UK Government will ‘take time’ to study Omagh bomb High Court ruling

The Taoiseach said the Irish Government would do what is ‘necessary’.

UK Government will ‘take time’ to study Omagh bomb High Court ruling

The UK Government will take time to consider a High Court judge’s ruling that there should be a new investigation into the Omagh bombing, the Secretary of State for Northern Ireland said.

Brandon Lewis said that the Omagh families “deserve answers” but did not immediately commit to any new probe.

Meanwhile, Taoiseach Micheal Martin said the Irish Government would do what is “necessary” following the long-awaited ruling.

Ruling in a judicial review brought over the UK Government’s refusal to establish a public inquiry, the judge also said it was plausible that there was a real prospect the bombing could have been prevented by the security services

Mr Lewis said: “The Omagh bombing was a terrible atrocity that caused untold damage to the families of the 29 people who were tragically killed and the 220 who were injured. The reverberations of that awful event were felt not just in Northern Ireland, but across the world.

“I want to put on record my deep regret that the families of those killed and wounded have had to wait so long to find out what happened on that terrible day in 1998.

Omagh bombing inquiry
Royal Ulster Constabulary police officers and firefighters inspecting the damage caused by a bomb explosion in Market Street, Omagh, Co Tyrone (PA)

He added: “We recognise that today the court has set out that there are ‘plausible allegations that there was a real prospect of preventing the Omagh bombing’ and that more should be done to investigate this.

“The UK Government will take time to consider the judge’s statement and all its recommendations carefully as we wait for the full judgment to be published.”

Mr Martin said the Irish Government had an “open book” policy in terms of providing information.

British Irish Council summit
Taoiseach Micheal Martin said the Irish Government had an ‘open book’ policy in providing information over atrocities with a cross-border element (Liam McBurney/PA)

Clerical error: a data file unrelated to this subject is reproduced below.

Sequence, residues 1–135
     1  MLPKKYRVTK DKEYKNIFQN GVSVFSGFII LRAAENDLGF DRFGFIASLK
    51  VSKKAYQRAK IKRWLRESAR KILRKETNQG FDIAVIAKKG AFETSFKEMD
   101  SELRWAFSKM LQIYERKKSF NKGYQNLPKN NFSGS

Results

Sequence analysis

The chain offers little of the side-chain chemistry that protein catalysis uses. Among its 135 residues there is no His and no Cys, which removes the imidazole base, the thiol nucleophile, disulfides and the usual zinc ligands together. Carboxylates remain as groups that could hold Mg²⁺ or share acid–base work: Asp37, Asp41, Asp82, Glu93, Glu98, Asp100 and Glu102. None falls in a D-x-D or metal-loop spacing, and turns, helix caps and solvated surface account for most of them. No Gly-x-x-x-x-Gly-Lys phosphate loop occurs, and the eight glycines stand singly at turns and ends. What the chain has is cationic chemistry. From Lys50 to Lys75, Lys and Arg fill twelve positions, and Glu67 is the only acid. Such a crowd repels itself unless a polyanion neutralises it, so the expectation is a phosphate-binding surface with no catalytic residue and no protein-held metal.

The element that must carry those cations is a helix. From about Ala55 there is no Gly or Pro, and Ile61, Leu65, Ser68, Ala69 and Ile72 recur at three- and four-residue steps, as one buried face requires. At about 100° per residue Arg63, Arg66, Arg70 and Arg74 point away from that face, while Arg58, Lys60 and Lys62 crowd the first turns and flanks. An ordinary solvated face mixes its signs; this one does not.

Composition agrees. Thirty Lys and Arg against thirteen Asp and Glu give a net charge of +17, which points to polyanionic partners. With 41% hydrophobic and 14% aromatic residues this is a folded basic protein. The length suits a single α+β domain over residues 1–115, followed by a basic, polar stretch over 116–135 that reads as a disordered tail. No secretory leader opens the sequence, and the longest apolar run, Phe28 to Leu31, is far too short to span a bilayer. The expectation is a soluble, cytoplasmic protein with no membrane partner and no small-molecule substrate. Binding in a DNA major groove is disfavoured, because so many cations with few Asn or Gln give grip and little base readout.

“I always stand ready to have an open book in terms of any atrocity that was committed which had a cross-border dimension to it in terms of following through in any way we can through the provision of information or indeed to vindicating the rights of people and citizens.

“So, a very open book in terms of how we proceed with this now but we’ve got to examine the options that are available to us in respect of the conclusions of the judge.”

Mr Martin continued: “That was the single worst atrocity that occurred – it was appalling and the responsibility is on those who committed that foul act.

“But I’m in no doubt that evil people did that, it was just absolutely reckless and appalling and gave such heartache and broke so many families – a needless loss of life when we were on well on our way to a peace process and we should never lose sight of those who are ultimately responsible in the first instance.

“It’s those who perpetrated the crime itself, who thought up the idea, who planted the bomb and left such devastation behind them, we can never lose sight of that, they’re fundamentally guilty in terms of murdering so many people.

“But the state must always self-reflect in terms of how it acts to protect its citizens.”

Mr Martin highlighted that the Irish Government had previously fulfilled its obligations in respect of investigating crimes with a cross-border dimension when it set up the Smithwick Tribunal to probe allegations of Garda collusion in the IRA killings of two senior RUC officers during the Troubles.

“We will do so again in respect of any further investigations that we support and cooperate with,” he said.

“But I think we have to take one step at a time, we have to analyse what the implications of this are, reflect on the judge’s conclusions and how we can take it forward from here.”

Sorry, we are not accepting comments on this article.

Top Stories

More From The Guernsey Press

UK & International News